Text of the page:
A new study shows that e-cigarettes have a “clear benefit” of helping quit smoking.

A new study published in the journal Addiction shows that using electronic cigarettes to quit smoking “supports their effectiveness compared to other methods of quitting, including nicotine replacement therapy or medication.”

The study, conducted by a team at King’s College London, found that the number of people in England who smoke has continued to fall in recent years. Of course, smoking tobacco products is still the leading preventable cause of premature death in the country and the world. In England alone, nearly 75,000 people died from smoking in 2019.

“Our results show that when used daily, e-cigarettes help people to quit smoking, compared to no help at all,” said Dr. Máirtín McDermott, a research fellow at the college’s National Addiction Centre and the lead author of the recently published study. “These findings are in line with previous research, showing that e-cigarettes are a more effective aid for quitting than nicotine replacement therapy and prescribed medication.”

Cancer Research UK, an awareness and research charity based in London, backed the researchers at King’s College London. The researchers analyzed data from an online survey of more than 1,155 people. This survey group includes current smokers, ex-smokers who quit within a year before the survey, and electronic cigarette users.

“It’s important that we routinely measure how often people use e-cigarettes, as we’ve seen that more sporadic use at follow-up — specifically of refillable types — was not associated with abstinence,” notes McDermott in the same statement.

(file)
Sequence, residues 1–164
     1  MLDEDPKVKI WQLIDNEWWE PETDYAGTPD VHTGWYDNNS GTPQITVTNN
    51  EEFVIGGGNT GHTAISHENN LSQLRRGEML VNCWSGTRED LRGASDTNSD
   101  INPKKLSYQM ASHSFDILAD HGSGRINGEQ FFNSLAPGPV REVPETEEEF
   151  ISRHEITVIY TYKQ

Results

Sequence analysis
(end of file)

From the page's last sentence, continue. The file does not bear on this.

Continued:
The researchers also called out the World Health Organization for its overly cautious position on e-cigarettes.

“The WHO is especially concerned about refillable e-cigarettes, as these could allow the user to add harmful substances or higher levels of nicotine,” said Dr. Leonie Brose of the same center at the college. “However, we’ve shown that refillable types, in particular, are a very effective quitting aid when used daily, and this evidence should be factored into any future guidance around their use.”

Brose added: “Despite the World Health Organization’s (WHO) cautious stance on e-cigarettes, studies like ours show they are still one of the most effective quitting aids available.”

According to the study’s actual abstract, out of the 1,155 mentioned above, all ranged in age from 18 to 81 years of age. 56.1 percent were male.

“Five waves of data were collected between 2012 and 2017,” notes another press statement announcing the results of the study. “The researchers analyzed the effectiveness of e-cigarettes in aiding abstinence from smoking for at least one month at follow-up, and at least one month of abstinence between the first survey and subsequent follow-up waves.”

“When used daily, electronic cigarettes appear to facilitate abstinence from smoking when compared with using no help,” notes the study’s conclusion via its abstract in Addiction.

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